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Antenatally detected ventriculomegaly in south wales: incidence and outcome for a seven-year cohort
  1. C Sidebotham1,
  2. J te Water Naude1,
  3. RB Beattie2,
  4. S Maguire3
  1. 1Department Child Health, Cardiff and Vale University Health Board, Cardiff, UK
  2. 2Department Fetal Medicine, Cardiff and Vale University Health Board, Cardiff, UK
  3. 3Department Child Health, Cardiff University, Cardiff, UK


Aim While antenatal ventriculomegaly is common, it varies in severity and outcome, with sparse UK data. The authors aim to define the incidence, associated abnormalities and infant outcome for a UK cohort.

Methods All cases of antenatally detected ventriculomegaly attending a single regional fetal medicine unit from May 2001 to October 2008 were entered prospectively onto a database. Ventriculomegaly was defined as mild (10–12 mm), moderate (12–15 mm) or severe (>15 mm) by ultrasonography (coronal slice at the level of the atria). Progressive ventriculomegaly was defined as an increase in the diameter >2 mm, regressed as a reduction >2 mm and stable as a change of <2 mm. Coexistent anomalies, investigations and pregnancy outcome were analysed, and where available infant records at age 6/12 were obtained.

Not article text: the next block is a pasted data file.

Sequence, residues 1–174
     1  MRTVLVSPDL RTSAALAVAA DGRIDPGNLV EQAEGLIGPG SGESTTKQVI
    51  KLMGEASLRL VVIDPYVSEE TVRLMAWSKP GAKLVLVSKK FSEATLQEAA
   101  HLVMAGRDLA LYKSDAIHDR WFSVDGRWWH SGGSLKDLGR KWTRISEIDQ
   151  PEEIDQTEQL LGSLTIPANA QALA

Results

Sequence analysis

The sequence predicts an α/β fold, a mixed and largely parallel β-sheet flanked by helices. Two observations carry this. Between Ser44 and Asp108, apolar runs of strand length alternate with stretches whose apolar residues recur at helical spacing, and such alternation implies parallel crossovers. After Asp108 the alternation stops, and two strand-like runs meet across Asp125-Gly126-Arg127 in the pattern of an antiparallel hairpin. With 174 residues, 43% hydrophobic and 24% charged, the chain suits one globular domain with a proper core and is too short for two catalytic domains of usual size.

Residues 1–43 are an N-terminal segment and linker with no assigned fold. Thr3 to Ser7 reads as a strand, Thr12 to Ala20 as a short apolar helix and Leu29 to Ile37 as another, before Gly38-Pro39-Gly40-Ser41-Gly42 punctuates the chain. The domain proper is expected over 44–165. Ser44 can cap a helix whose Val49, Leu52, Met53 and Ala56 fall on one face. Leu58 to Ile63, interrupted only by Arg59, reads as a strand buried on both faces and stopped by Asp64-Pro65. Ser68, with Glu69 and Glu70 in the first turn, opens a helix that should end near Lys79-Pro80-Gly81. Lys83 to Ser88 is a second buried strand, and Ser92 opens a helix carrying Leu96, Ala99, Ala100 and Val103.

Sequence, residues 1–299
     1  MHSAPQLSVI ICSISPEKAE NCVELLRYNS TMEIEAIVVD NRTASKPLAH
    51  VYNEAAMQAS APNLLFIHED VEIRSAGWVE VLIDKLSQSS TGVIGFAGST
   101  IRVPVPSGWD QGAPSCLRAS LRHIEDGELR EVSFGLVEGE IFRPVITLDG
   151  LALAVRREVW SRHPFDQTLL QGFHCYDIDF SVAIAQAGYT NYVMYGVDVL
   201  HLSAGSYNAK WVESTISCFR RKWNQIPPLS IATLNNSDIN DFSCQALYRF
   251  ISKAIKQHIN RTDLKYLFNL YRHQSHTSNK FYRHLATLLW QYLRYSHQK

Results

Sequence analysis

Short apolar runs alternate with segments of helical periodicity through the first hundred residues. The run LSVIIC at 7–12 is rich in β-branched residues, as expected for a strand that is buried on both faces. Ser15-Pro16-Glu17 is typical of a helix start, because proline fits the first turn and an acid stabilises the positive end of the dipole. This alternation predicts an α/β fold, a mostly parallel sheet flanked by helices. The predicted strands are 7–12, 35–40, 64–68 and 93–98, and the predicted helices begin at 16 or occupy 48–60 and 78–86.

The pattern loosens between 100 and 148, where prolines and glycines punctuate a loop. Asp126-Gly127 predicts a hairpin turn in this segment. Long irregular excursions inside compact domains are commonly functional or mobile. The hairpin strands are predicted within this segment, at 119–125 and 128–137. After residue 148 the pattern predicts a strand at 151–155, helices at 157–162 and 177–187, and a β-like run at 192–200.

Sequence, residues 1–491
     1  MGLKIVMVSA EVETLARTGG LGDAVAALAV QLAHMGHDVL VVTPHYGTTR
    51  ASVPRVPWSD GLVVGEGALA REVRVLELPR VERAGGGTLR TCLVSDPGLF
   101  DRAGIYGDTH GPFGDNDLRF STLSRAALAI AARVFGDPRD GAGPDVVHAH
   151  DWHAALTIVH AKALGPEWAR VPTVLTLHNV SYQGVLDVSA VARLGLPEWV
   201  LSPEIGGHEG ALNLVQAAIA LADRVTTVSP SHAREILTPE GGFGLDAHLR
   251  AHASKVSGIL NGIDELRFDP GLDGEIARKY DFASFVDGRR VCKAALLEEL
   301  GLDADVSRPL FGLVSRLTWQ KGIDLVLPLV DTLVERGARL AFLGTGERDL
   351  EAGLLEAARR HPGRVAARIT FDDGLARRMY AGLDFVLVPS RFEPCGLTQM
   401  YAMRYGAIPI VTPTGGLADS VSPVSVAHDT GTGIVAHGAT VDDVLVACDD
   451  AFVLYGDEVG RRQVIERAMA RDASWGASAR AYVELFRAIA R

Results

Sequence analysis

Results A total of 210 cases were identified, giving an incidence of 1.5 cases per 1000 live births in South Wales. Among these, 36% were isolated and 64% non-isolated. Ventricular dilatation was mild in 95/197 (48%), moderate in 38 (19%) and severe in 64 (33%). Seventy per cent of mild cases were isolated. Severity was significantly associated with associated anomalies (p<0.0001). Twenty-seven per cent of mild cases underwent termination of pregnancy. Of 108 cases with consecutive data, mild cases were more likely to regress or remain stable than moderate/severe cases (p<0.0001). There were 89 live births, of whom 48% were mild, 24% moderate and 15% severe. Postnatal details were available on 48 children, 15 (31%) of whom were normal. Among the 34 with postnatal abnormalities, 11 had mild ventriculomegaly, 3 moderate and 20 severe.

Conclusion With an incidence of 1.5/1000 live births in this UK cohort, ventriculomegaly is a common antenatal abnormality. Clearly, regressive cases are more likely to be mild, isolated and have a normal outcome than progressive cases. The positive outcome for mild cases in this series raises the question as to the appropriateness of a 10-mm cutoff. A prospective study with detailed paediatric follow-up is required to define optimal cutoff values and allow appropriate counselling.

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